Mr. Reilly: We were very concerned about the organization of the conference and its concentration of press. Likely many of them hostiles to the United States.
Amanda Aronczyk: Before the summit begins, Reilly visits Rio on his own.
Mr. Reilly: I was invited by Prince Charles to sail up the Amazon on his yacht. The Britannia.
Amanda Aronczyk: Reilly goes on the yacht because he knows that all of Brazil's bigwigs, including their president will be there too. He's like, "Look, the president of the United States cannot show up to some disorganized mess."
Mr. Reilly: Any kind of highly embarrassing, poorly organized affair or disruption and the rest was a particular concern during that time.
Amanda Aronczyk: Holding an international conference to address climate change without the United States. That's not going to work, and President Collor de Mello of Brazil, he knows it too.
Mr. Reilly: I remember President Collor looked me in the eye and said, "I promise you that if President Bush comes, we will not embarrass him. We will be extremely sensitive to his situation." He said, "But you have to know there are more than 60 heads of state waiting to find out whether the President of the United States is attending this conference, and they are withholding their own decision until they find out what his is."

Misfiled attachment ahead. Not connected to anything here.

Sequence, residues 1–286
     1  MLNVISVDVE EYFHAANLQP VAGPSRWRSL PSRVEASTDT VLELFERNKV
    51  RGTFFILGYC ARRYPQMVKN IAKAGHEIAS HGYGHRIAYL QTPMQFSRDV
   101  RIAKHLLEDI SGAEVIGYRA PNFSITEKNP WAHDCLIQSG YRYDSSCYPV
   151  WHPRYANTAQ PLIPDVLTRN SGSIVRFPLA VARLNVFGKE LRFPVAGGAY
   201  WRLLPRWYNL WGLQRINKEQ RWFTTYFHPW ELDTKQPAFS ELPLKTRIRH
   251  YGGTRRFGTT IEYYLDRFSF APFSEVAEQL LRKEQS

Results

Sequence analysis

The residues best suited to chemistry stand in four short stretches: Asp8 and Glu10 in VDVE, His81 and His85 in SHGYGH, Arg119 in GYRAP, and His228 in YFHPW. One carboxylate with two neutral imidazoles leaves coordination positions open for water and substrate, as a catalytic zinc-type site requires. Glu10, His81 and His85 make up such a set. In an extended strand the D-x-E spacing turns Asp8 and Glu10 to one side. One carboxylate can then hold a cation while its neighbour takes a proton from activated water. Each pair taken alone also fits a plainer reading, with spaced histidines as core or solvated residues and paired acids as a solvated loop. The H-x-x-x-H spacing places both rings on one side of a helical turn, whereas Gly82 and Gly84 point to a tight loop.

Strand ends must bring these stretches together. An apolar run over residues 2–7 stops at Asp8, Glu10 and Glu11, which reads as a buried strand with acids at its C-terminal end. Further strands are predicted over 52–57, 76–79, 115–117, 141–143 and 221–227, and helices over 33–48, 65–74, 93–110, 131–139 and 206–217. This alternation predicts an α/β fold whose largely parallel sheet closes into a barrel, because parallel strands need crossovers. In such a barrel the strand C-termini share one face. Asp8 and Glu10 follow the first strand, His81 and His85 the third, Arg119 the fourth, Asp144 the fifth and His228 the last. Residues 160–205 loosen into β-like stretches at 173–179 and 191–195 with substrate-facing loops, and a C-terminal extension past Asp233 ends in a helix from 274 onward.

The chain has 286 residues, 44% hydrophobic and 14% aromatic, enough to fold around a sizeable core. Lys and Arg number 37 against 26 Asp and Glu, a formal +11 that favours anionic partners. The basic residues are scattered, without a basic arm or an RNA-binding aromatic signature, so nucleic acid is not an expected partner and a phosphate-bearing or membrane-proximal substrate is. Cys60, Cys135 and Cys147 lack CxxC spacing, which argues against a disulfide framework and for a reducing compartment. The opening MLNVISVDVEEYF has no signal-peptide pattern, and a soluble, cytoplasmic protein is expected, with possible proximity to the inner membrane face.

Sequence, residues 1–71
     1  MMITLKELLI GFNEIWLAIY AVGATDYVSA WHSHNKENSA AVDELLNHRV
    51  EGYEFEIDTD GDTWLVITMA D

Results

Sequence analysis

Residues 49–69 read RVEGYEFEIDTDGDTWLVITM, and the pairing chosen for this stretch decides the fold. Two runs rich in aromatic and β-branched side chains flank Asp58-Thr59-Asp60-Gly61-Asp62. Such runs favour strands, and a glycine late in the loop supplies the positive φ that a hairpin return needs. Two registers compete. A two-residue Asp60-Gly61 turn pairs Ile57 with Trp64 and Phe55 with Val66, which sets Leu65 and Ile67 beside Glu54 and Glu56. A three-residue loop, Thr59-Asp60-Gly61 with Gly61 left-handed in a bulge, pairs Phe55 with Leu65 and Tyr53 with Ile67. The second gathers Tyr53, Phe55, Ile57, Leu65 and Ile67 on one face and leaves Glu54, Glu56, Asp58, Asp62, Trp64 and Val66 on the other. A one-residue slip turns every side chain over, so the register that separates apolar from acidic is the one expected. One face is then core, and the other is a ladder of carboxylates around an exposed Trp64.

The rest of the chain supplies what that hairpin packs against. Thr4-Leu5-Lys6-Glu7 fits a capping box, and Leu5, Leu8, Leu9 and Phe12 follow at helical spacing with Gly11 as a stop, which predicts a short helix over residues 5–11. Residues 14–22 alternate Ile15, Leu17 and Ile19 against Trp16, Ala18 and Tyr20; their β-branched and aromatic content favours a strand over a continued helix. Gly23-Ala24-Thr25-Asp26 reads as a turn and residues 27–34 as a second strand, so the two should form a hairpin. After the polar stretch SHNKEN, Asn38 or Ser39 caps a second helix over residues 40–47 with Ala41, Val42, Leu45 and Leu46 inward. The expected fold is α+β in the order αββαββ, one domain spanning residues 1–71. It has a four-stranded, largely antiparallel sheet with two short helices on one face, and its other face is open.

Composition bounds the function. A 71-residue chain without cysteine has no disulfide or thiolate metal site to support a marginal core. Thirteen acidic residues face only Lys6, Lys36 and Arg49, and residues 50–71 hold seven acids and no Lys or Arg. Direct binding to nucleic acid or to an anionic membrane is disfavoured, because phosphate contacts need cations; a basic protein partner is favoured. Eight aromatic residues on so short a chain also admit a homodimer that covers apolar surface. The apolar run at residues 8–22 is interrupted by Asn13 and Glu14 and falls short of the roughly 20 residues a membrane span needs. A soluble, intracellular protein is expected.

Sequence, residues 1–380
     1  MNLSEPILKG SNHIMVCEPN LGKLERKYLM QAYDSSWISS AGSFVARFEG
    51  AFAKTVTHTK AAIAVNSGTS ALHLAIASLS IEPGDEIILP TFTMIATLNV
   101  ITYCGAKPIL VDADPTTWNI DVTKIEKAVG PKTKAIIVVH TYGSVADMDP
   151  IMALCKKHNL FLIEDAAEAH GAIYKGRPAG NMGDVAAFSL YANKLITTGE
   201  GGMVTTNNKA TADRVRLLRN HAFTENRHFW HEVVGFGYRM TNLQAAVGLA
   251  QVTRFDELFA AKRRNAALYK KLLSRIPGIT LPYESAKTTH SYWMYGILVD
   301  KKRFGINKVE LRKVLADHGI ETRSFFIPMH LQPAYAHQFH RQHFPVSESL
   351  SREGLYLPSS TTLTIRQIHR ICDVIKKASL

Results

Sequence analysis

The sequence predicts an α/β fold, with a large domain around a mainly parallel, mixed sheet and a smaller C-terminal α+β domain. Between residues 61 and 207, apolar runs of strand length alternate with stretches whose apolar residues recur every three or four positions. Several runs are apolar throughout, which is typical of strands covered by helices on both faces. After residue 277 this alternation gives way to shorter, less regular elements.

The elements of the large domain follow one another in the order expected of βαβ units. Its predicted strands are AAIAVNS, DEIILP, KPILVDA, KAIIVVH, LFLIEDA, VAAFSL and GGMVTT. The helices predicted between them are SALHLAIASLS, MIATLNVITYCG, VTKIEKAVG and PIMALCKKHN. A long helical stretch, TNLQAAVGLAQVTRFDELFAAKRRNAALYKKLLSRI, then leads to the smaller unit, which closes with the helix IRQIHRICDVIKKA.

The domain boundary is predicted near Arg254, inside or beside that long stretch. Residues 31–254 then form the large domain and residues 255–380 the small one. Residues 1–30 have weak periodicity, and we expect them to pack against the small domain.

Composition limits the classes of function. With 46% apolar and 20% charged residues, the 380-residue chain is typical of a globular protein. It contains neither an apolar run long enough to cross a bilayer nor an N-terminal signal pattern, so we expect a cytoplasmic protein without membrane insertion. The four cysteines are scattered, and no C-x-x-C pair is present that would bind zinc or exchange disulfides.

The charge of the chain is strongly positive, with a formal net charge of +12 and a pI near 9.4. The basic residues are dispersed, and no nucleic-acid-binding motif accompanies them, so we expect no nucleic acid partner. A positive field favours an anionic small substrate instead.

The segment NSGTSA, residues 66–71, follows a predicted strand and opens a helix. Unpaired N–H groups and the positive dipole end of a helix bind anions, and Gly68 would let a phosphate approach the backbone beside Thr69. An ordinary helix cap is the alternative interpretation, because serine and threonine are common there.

Amanda Aronczyk: With just one month before Rio, George Herbert Walker Bush finally agrees to go.
Tom Brokaw: President Bush left Andrew's Air Force base near Washington DC today bound for South America. He scheduled to attend--
Amanda Aronczyk: It is a massive event. Along with all the UN people, there are 10,000 journalists, 17,000 activists, and outside, there are demonstrations in the streets as Reilly feared, but there's also lots of hubbub. Celebrities turn up, there's Jane Fonda, Ted Turner, Shirley MacLaine, The Dalai Lama Sting, Olivia Newton-John, and John Denver performs at the opening ceremony.
Tom Brokaw: John Denver has been celebrating nature in his songs for years, long before the word environment became a household word.
Amanda Aronczyk: Denver's wearing a Hawaiian shirt and he's singing in front of the flags of the world. Behind him, there is also a small screen with images of the sea, flocks of birds, sunsets, and children.
MUSIC - John Denver: Windsong
The wind is the whisper of our mother the Earth
The wind is the hand of our father the sky